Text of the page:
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Yogurt is cool, so deal talk is heating up

  • The $7.6 billion yogurt category has been a rapidly evolving segment of the food industry for the past several years.
  • Stoneyfield and Siggi's yogurt both announced deals to be acquired in recent months.
  • Deal activity comes as Big food face slowed growth.
An employee stocks yogurt for sale on the opening day of the 365 by Whole Foods Market store in the Silver Lake neighborhood of Los Angeles, California
Patrick T. Fallon | Bloomberg | Getty Images
An employee stocks yogurt for sale on the opening day of the 365 by Whole Foods Market store in the Silver Lake neighborhood of Los Angeles, California

As Big Food continues to be starved for growth, deal activity is heating up in the yogurt section.

The $7.6 billion yogurt category has been a rapidly evolving segment of the food industry for the past several years. Consumers continue to look to high-protein alternatives to their morning cereal, and there is an expanding coterie of options available. With upstart brands outpacing their legacy peers, deals have followed suit.

Danone sold its organic Stonyfield yogurt to family-owned French dairy company Lactalis for $875 million last summer, in an auction that also drew the interest of Chinese dairy company Yili, Grupo Lala and Dean Foods. Lactalis earlier this month also acquired Icelandic-style yogurt brand Siggi's last for an undisclosed amount.

Noosa Yoghurt, likewise, is working on a sales process, sources familiar with the matter tell CNBC. The company expects to generate more than $250 million in sales, the sources added. The sales process was first reported by the New York Post.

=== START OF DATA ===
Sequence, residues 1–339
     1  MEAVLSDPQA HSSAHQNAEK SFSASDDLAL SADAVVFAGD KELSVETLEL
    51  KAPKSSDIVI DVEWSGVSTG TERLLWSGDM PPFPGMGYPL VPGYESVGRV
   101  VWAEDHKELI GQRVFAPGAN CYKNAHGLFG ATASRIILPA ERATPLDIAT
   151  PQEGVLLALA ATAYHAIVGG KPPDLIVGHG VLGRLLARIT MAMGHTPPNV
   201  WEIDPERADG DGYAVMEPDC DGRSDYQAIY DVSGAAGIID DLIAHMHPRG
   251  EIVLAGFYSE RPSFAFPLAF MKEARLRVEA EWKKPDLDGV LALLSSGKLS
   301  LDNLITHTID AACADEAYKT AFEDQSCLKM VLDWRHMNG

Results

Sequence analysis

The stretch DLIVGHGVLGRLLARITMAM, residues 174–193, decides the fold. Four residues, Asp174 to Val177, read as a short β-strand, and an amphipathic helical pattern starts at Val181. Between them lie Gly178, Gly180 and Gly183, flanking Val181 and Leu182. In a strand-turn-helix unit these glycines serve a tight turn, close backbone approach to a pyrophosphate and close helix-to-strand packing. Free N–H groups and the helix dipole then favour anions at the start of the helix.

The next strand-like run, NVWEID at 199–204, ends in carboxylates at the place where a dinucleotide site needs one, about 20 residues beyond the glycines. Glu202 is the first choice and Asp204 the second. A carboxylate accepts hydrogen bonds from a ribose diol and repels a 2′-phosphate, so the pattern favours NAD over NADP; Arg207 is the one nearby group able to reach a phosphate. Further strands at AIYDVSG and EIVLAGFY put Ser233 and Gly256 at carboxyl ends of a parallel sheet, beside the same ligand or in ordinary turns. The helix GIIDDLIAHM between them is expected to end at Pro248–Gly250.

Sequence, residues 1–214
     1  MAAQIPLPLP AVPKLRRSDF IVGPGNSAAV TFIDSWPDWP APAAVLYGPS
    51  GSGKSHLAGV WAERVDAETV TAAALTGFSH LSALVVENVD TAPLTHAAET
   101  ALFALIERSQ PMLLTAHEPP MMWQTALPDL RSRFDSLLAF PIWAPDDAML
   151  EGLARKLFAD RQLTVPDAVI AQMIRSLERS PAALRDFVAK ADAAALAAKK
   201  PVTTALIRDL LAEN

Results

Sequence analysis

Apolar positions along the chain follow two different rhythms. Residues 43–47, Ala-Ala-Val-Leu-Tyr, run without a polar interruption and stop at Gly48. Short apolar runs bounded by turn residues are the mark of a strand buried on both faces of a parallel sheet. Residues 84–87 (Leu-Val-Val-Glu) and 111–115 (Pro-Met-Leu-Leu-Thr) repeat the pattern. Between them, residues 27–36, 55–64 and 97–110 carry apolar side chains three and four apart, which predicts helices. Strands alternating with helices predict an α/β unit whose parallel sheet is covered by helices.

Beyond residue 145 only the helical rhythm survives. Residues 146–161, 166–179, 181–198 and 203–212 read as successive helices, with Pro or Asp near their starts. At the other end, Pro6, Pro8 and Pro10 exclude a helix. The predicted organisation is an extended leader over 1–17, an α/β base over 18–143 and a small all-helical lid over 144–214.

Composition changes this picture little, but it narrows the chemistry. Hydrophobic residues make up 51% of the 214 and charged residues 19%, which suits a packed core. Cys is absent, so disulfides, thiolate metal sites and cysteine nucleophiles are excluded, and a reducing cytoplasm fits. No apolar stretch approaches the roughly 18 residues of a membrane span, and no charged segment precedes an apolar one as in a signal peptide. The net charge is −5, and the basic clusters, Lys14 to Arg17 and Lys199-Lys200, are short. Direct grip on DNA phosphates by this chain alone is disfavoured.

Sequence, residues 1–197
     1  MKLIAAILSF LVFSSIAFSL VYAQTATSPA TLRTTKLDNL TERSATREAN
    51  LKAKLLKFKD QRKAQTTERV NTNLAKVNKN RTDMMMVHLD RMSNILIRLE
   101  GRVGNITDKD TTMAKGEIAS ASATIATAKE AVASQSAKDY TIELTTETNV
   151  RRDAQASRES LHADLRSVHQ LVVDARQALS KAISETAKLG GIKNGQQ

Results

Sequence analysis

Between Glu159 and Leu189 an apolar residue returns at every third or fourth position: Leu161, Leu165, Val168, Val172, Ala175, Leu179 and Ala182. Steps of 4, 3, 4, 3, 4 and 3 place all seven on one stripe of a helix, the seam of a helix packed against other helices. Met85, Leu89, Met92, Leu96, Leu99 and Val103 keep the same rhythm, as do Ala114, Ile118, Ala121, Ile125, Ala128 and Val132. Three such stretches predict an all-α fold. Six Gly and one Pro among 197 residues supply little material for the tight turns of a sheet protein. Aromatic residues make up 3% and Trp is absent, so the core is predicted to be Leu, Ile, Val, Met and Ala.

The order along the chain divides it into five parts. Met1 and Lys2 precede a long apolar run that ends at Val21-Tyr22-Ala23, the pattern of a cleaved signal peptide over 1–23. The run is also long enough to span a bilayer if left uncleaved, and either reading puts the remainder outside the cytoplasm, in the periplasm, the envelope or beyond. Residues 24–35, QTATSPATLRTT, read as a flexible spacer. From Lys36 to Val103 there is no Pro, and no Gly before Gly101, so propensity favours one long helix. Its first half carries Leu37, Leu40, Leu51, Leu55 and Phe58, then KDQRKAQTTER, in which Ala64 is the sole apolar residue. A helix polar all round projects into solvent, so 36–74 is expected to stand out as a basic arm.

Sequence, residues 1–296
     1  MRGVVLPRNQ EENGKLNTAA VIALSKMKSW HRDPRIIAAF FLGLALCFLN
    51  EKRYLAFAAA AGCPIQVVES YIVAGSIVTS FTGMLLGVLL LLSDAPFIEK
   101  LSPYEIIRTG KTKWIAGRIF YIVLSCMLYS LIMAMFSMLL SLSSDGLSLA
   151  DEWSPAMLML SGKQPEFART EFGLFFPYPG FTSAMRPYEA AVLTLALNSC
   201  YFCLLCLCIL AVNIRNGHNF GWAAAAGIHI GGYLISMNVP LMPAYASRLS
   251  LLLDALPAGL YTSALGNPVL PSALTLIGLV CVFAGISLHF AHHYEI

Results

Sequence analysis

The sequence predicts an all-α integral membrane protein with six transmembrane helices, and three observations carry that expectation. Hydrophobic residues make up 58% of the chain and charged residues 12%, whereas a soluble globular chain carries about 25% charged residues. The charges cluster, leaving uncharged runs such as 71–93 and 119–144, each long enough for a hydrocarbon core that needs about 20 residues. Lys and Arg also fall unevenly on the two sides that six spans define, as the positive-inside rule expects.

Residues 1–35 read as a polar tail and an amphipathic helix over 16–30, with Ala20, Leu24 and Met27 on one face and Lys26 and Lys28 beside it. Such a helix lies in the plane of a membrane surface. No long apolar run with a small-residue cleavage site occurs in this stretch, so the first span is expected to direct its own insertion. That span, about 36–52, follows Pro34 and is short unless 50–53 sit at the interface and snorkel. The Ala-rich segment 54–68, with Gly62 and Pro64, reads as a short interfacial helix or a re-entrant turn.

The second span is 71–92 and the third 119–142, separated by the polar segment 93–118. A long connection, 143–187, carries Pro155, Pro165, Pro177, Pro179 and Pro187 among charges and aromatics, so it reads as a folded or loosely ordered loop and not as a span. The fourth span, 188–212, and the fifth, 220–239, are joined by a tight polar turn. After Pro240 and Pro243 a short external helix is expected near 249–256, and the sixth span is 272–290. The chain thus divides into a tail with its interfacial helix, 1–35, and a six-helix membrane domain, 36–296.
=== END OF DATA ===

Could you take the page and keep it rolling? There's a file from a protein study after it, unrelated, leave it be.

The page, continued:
The sources asked not to be named because the information is confidential. Noosa declined to comment.

Distinction in the yogurt aisle has come in many flavors. Yogurt companies are looking to cater to those looking for a snack, an indulgence or a breakfast. They also claim different origins, ranging from Icelandic to Australian. They've developed brand identities: Siggi's is the serious one, Noosa the fun one, and Stonyfield the organic one.

Some, though, have struggled to find an identity or to innovate in a way that caters to the younger generation. Packaged food giant General Mills continues to see sales of its U.S. yogurt drop, posting a 11 percent decline last quarter, as demand for Yoplait Greek and Yoplait Light products remained weak.

The deal activity in the yogurt segment comes amid broader activity in the $33 billion U.S. snacking space, as food giants, which are under increasing pressure, look to reach diners that eat on the go.

Just within the past few months, Kellogg announced its $600 million acquisition of RXBar, and Mars invested in the parent company of Kind Bar at a valuation of $3 to $4 billion.

Some have fetched multiples more than five times revenue, sources say. Food deals last year were at record valuation multiples, according to data from Dealogic that dates back to 1995. These deals fetched an average value of 25 times enterprise value to EBITDA.

On a larger scale, Campbell Soup announced plans to buy snacks company Snyder's-Lance for $4.87 billion. Hershey announced plans to buy SkinnyPop's parent, Amplify, for $1.6 billion. Both are the companies' largest acquisitions to date.

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